Import and Export Worker Job Description, Career as an Import and Export Worker, Salary, Employment
Definition and Nature of the Work, Education and Training Requirements, Getting the Job
Education and Training Bachelor's degree plus training; proficiency in a foreign language necessary
Salary Varies—see profile
Employment Outlook Good
Definition and Nature of the Work
Import and export workers handle business transactions that take place between companies in foreign nations and firms in the United States. Import workers deal with transactions that involve bringing raw materials or finished products into the United States. Export workers are involved in sending goods or raw materials from the United States to foreign markets. Some workers handle both import and export agreements.
Foreign trade is carried out under various conditions and terms. The duties of import and export workers vary depending on the situation. Many large companies have foreign trade divisions. Export managers in these firms are responsible for increasing the volume and efficiency of foreign trade. They must also make sure their company deals with dependable customers—legitimate companies from countries that have stable governments and sound economies. Export managers are assisted in this work by foreign representatives who live and work abroad, sometimes traveling from country to country to find new customers and maintain contact with established ones. Foreign representatives are also responsible for monitoring the economic and political situation in their territory. Orders from foreign customers are processed by export sales managers, who draw up contracts and arrange for shipments. Export credit managers review the economic situation of customers needing credit and arrange credit terms.
The import divisions of companies employ support managers to supervise the purchase of goods abroad. The selection of foreign merchandise is often in the hands of buyers who live abroad.
Companies that do not have their own export workers sometimes sell goods abroad through export brokers. These brokers receive commissions (a percentage of the selling price) from the sales they make. Export commission-house brokers are engaged in speculation. They buy domestic goods outright and then sell them in foreign countries. Some companies purchase imports from foreign import merchants for resale in the United States.
Manufacturing operations for U.S. companies in foreign countries are generally maintained by nationals, or natives of those countries. American technical personnel such as engineers and scientists are often sent abroad for short periods to
train nationals. Much of the paperwork involved in foreign trade requires the services of translators, bilingual secretaries, and correspondents.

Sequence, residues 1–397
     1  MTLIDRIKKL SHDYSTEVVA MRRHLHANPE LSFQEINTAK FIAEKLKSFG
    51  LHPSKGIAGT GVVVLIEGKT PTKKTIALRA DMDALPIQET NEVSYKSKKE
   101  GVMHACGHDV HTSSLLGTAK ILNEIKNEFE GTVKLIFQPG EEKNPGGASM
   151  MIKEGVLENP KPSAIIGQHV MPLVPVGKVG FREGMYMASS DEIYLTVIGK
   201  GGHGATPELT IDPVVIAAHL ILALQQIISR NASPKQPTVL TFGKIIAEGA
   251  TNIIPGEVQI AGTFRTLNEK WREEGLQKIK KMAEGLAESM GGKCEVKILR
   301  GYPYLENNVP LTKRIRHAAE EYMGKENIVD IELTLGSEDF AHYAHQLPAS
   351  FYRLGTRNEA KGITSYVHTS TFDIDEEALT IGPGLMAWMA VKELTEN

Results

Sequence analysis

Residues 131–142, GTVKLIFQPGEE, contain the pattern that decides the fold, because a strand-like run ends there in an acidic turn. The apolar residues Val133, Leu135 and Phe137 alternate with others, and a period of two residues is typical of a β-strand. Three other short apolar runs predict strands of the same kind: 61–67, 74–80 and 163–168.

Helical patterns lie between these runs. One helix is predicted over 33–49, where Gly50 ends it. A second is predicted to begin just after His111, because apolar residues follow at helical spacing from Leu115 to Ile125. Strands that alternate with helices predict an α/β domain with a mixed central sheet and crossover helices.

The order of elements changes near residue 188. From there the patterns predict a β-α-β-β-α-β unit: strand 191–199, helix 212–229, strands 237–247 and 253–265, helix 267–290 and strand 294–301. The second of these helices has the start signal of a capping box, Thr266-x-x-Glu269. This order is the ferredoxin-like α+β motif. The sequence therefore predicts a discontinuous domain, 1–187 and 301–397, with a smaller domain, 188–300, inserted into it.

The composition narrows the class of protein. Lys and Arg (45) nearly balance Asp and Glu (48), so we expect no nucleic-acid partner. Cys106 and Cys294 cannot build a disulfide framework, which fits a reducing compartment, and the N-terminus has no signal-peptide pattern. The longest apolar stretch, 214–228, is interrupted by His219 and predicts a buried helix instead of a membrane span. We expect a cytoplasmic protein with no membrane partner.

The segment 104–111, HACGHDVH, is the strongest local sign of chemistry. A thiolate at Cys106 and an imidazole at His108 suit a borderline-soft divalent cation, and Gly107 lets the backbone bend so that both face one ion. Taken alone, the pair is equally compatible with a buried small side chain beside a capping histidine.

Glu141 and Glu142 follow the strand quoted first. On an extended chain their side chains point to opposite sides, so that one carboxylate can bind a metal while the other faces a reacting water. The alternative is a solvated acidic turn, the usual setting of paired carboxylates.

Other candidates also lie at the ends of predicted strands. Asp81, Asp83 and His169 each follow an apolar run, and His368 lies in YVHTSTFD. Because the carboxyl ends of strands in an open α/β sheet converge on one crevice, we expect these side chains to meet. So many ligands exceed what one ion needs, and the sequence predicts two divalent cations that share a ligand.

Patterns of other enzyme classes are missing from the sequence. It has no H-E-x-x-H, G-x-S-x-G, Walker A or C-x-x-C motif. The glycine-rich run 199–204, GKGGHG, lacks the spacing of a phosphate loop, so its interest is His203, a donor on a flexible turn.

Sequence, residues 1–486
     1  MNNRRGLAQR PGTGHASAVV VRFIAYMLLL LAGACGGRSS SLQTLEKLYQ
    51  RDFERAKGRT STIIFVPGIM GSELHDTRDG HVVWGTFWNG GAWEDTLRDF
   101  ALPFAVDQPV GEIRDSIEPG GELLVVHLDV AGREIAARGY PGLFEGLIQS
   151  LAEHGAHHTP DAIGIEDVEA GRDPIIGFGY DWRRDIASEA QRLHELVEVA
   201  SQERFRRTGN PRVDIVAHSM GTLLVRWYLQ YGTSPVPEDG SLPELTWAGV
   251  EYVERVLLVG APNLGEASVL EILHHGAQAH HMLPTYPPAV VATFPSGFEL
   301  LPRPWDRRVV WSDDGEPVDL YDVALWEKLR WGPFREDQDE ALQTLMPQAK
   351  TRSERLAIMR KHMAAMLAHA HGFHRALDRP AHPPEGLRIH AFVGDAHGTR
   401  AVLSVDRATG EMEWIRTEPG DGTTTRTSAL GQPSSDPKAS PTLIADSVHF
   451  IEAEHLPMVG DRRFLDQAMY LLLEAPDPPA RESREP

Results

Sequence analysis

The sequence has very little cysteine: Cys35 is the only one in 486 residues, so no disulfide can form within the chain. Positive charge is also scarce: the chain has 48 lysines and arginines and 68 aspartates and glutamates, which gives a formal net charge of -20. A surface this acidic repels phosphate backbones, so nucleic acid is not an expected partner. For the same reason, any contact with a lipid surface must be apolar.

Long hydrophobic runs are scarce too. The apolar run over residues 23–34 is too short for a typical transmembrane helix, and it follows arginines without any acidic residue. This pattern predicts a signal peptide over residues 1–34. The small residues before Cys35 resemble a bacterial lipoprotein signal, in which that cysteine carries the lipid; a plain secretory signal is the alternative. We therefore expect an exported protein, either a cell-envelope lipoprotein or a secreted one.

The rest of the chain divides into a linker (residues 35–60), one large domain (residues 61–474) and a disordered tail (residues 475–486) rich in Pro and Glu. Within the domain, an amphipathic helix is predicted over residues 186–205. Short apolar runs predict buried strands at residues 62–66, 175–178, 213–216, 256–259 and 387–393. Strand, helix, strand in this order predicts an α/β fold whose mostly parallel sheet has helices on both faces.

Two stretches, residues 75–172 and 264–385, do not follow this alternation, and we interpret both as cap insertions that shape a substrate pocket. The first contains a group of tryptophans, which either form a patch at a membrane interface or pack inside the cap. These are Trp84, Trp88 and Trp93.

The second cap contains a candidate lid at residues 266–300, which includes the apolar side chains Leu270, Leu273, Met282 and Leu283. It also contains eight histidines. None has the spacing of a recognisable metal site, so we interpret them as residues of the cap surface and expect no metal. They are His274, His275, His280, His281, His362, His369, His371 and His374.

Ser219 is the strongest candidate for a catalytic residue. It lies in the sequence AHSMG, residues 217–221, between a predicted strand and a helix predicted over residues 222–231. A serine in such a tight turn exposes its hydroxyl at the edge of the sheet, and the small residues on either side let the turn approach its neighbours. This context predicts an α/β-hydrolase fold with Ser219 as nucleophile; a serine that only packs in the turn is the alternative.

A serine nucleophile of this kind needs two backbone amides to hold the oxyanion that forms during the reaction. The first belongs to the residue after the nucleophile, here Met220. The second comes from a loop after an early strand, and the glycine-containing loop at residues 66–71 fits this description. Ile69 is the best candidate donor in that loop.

Education and Training Requirements
Individuals interested in the import and export business need a college degree and knowledge of a foreign language to find a job. Although a liberal arts degree may be acceptable, many employers prefer applicants who have a college degree in law, engineering, or accounting. Some require an advanced degree in business administration.
Most jobs in foreign trade require workers to live in the United States. There is keen competition for positions in which workers live and work abroad. Generally the workers selected to work abroad have years of experience and special skills valued by their employers.
Employers train many of their import and export workers through a combination of classroom courses and on-the-job training under the supervision of an experienced worker. Trainees learn U.S. law governing foreign trade as well as the practices of foreign countries.
Getting the Job
Candidates can apply directly to the companies for which they would like to work. Private employment agencies, newspaper want ads, and job banks on the Internet often carry listings for import and export workers.
Advancement Possibilities and Employment Outlook
Import and export workers advance in a variety of ways. Foreign representatives and buyers can be promoted to managerial and executive positions. They can also go into business for themselves as export brokers or import merchants. Experienced workers can advance to managerial and executive positions in their particular field of expertise. Further education is sometimes required for advancement.
Generally employment in the import and export industry fluctuates with the economy of the United States and the world. A sharp increase in the number of foreign-owned corporations, particularly in India and China, should create new positions for importers and exporters in the future. Workers will also be needed to replace those who leave the field.
Workers who are employed in the United States work forty hours per week at the minimum. Many foreign representatives and buyers spend a good deal of time traveling. Import and export workers who are stationed overseas encounter a variety of conditions: they must become used to local climates, working habits, and living conditions. Working hours vary with the country. All import and export workers who deal with foreign nationals must be tactful and diplomatic, whether their communications are in person, by letter, or by telephone.
Earnings and Benefits
Earnings vary with education and experience. According to Salary.com the median annual salary for import and export managers in 2006 was $80,024. Import and export clerks, who are typically in charge of checking and filling out paperwork, made a median annual wage of $36,113 in 2006. Some managers and clerks earned much more. Workers stationed overseas receive bonuses in the form of overseas incentive allowances. Benefits generally include paid vacations, health and life insurance, and retirement plans.
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